A House Armed Services Committee (HASC) cyber panel has proposed directing the Pentagon implement two new pilot programs to improve its ability for transitioning science and technology programs across “the valley of death” and into production.

The HASC Cyber, Innovative Technologies, and Information Systems Subcommittee’s fiscal year 2022 National Defense Authorization Act mark also includes a directive for the department to submit a report on barriers hindering the ability to successfully transition such programs, and asks for officials to consider whether additional “flexible funding” can help address such issues.

Robotic Combat Vehicle Phase 1 experiment at Fort Carson in Colorado. Photo: U.S. Army.

“The committee is concerned that the Department of Defense struggles to transition and scale critical innovative technologies from development projects to acquisition programs in a time period that meets the needs of the warfighter and ensures technology providers are able to survive. Despite Congress providing significant new acquisition authorities and flexibilities, too often successful prototypes and pilot efforts are unable to transition to successful programs due to a lack of agile funding,” the panel wrote in its mark.

The panel’s mark, which will be considered by the subcommittee on Wednesday, directs the Pentagon to carry out a five-year pilot to look at setting up a new entity run by “qualified intermediaries” to assist in helping the department “become a better buyer and a more attractive customer to innovative commercial companies.”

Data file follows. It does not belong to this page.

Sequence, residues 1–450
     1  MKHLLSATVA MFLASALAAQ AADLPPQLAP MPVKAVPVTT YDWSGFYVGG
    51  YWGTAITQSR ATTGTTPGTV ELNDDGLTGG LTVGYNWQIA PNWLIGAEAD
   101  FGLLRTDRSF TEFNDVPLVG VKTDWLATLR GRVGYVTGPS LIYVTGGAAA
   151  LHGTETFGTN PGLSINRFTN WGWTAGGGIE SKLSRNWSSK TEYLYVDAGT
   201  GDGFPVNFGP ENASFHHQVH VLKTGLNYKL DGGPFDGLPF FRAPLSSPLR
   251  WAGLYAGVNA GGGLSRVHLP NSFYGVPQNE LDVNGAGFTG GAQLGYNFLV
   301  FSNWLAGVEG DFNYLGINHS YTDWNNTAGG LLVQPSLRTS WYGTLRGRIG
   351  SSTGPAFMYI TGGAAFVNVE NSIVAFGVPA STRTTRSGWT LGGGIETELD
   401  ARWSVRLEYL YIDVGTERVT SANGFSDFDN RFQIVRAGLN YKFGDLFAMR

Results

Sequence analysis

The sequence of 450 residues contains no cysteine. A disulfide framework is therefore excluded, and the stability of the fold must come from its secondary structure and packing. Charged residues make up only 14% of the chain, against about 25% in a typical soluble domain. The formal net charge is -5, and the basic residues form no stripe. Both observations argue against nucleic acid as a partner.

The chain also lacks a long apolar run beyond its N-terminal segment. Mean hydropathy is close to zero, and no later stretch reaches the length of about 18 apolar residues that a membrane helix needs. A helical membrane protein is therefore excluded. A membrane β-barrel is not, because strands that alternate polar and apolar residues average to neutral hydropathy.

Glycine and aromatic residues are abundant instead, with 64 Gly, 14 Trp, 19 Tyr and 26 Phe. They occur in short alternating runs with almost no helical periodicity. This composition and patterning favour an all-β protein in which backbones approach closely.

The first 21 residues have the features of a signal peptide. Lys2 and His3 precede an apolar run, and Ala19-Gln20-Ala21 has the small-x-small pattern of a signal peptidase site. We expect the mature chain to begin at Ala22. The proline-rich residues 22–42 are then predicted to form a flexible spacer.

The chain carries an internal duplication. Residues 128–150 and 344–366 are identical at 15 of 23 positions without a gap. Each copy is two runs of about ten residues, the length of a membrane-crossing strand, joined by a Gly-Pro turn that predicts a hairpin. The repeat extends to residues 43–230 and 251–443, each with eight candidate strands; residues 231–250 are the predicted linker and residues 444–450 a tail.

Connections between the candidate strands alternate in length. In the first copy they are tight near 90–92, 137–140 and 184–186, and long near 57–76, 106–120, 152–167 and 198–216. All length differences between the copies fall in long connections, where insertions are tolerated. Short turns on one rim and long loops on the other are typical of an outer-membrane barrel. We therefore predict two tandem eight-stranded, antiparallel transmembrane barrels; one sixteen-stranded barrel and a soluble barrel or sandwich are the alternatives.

“We talk a lot about the valley of death on this subcommittee and talked to a lot of different people about that and the frustrations people have, especially from the science and technology community and ecosystem kind of bridging that massive gap into acquisition and fielding of capability,” a subcommittee aide told reporters. “The five-year pilot program to help foster transition is actually trying to allow the department to [work with] partnership intermediaries to support all of these S&T efforts that are trying to transition. People have these great ideas…and no one really understands how to get into the budget cycle, how to work the acquisition system, how to meet the right people in the program offices and actually start to get bought.”

The bill also includes a directive for the department and each of the services to select a handful of Small Business Innovation Research programs and Small Business Technology Transfer (STTR) programs, to be designated as “Entrepreneurial Innovation Projects,” to understand how such programs can be more successfully integrated into the budgeting and acquisition process. 

“What we’re saying to the department is that they have an amazing amount of small innovative businesses that are doing awesome work…pick at least five and select them as your Entrepreneurial Innovation Projects and show us how you’re going to transition them out of S&T and into fielding and acquisition,” a subcommittee aide said. 

The mark notes that SBIR and STTR programs allow small businesses increased opportunities to apply their technologies for specific capability challenges, while pressing the department to more effectively codify the procurement aspect once projects have completed initial prototyping and development phases.

The Army is currently running several SBIR programs to address unique capability areas for its modernization initiatives, such as selecting 10 small businesses to work on innovative ideas for applying sensor and remote tracking capabilities for sustainment of its future fleet of Robotic Combat Vehicles (Defense Daily, July 9).